The Fate of Funny Women Hinges on “Bridesmaids”
Can you feel the tension in the air? The fate of funny women everywhere hinges upon today’s release of Bridesmaids, the new comedy co-written by Kristen Wiig and produced by Judd Apatow. The media is angsty about it: Will it hit big box office numbers? Will men actually sign up to go to a chick flick? Will this open the door for more female-driven comedies in Hollywood? “I kept thinking, ‘If I blow this, I’m going to ruin it for these women for years and years,’” director Peter Feig told the New York Times this week. It’s a stressful situation.
I wish it didn’t need to be. Let’s face it: Funny ladies are having a moment and finally getting some attention. Kristin Wiig is anchoring a movie that doesn’t involve MacGruber. Tina Fey’s new book, Bossypants, is a bestseller. The New Yorker just devoted ten pages to Anna Faris, the comedienne and movie star whose best known role was the title character in The House Bunny. This is time for celebration, not hand-wringing.
But we all know the landscape. When a film comes out about men doing funny, stupid things it’s called a comedy, but when a film involves women doing the same funny, stupid things it’s called a romantic comedy, which implies women, and as Tad Friend writes in the New Yorker piece about Faris: “male moviegoers would rather prep for a colonoscopy that experience a woman’s point of view, particularly if that woman drinks or swears or has a great job or an orgasm.” And then there’s the oft-quoted Bechdel Test, which looks for gender bias in films: Does a movie contain two or more female characters who have names? Do those characters talk to each other? And, if so, do they discuss something other than a man? It’s startling how few films actually meet this criteria.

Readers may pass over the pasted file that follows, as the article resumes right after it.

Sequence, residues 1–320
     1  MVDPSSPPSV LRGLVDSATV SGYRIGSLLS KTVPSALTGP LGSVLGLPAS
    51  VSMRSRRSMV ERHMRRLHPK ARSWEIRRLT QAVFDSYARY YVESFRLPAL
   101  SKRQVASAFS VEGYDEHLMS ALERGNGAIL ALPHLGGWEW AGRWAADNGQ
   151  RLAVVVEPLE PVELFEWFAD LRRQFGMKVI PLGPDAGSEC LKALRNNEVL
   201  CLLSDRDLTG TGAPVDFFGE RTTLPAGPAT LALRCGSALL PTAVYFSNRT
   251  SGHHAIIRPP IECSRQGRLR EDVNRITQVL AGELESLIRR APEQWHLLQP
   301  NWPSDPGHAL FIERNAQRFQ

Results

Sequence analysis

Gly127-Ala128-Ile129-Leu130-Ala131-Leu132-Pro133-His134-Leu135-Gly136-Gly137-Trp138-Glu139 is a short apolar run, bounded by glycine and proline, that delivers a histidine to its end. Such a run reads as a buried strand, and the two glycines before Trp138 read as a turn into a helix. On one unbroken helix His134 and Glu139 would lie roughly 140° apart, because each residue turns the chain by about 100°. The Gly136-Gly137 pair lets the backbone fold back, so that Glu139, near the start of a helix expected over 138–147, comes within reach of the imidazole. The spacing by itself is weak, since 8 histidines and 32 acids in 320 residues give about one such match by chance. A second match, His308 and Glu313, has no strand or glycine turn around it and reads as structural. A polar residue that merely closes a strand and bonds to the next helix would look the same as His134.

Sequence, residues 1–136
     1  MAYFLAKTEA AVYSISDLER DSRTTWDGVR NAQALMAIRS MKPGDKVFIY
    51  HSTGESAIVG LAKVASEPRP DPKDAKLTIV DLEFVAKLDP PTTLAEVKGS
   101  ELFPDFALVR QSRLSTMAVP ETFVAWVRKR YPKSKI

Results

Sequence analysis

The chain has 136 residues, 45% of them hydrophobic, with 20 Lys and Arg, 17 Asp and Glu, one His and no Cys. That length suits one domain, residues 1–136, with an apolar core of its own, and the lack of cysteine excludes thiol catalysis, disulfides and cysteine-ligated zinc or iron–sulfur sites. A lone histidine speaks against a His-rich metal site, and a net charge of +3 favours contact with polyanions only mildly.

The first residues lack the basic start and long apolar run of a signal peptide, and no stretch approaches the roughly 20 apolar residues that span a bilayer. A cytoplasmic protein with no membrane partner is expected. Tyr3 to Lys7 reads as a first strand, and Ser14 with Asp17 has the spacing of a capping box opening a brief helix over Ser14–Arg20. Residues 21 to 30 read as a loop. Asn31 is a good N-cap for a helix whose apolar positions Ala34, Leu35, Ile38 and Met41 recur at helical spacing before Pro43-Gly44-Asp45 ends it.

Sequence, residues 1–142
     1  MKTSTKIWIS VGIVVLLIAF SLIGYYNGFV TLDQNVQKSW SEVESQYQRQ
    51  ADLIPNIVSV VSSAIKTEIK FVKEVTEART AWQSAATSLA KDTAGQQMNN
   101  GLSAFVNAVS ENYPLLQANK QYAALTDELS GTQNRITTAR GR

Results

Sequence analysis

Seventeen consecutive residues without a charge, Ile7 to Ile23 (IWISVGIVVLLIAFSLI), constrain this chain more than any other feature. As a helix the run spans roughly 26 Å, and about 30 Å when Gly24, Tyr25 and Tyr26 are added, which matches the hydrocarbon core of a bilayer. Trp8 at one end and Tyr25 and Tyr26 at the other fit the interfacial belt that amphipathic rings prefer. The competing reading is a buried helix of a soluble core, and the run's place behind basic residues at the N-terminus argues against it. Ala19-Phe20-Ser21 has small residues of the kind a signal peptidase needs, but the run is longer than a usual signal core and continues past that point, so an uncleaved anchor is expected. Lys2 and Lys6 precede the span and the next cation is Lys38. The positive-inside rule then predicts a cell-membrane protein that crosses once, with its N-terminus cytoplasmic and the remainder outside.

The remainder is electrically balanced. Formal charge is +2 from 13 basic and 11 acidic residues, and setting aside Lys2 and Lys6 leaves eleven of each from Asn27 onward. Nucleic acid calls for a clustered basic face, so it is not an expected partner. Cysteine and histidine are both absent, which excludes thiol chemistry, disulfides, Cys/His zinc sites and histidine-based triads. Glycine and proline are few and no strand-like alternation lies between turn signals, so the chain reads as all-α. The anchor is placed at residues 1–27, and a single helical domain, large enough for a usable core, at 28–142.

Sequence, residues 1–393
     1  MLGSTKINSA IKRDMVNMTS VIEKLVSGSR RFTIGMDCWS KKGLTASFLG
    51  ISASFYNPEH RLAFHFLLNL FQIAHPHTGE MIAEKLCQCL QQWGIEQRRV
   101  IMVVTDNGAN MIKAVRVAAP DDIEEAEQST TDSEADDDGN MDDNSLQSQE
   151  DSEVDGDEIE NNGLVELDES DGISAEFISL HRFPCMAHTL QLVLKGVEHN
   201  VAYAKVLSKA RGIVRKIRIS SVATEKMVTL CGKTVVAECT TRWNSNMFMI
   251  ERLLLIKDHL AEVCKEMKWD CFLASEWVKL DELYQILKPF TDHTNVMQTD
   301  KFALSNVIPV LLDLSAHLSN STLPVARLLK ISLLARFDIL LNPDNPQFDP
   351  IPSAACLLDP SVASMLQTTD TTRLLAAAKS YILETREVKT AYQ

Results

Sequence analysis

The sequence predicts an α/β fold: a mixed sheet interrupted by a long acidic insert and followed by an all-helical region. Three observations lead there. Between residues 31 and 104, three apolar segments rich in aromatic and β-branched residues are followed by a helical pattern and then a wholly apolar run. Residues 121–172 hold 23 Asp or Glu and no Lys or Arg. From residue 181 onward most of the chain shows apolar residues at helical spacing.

So, while the Bridesmaids marketing team is on overdrive trying to convince the public that “chick flicks don’t have to suck” and that it’s a movie for “everyone,” we, the movie-going public are also responsible. First, advice to the ladies: Follow Queen Tina’s advice. In the run-up to her book release, she did a Q&A with the Times where she said that for female driven-films to succeed, women have be more aggressive at the box office:
I feel like it’s harder to get women to show up for movies. They can get it together: “Sex and the City,” once a year, all their ladies, they can get together, but just as a mom, you don’t get that out much. And I feel like, just anecdotally, a lot of times when you get out, it’s that point of purchase moment at the theater, if you’re with your boyfriend or your husband, and they go, “Well I want to see ‘Transformers’,” and you go, “O.K.”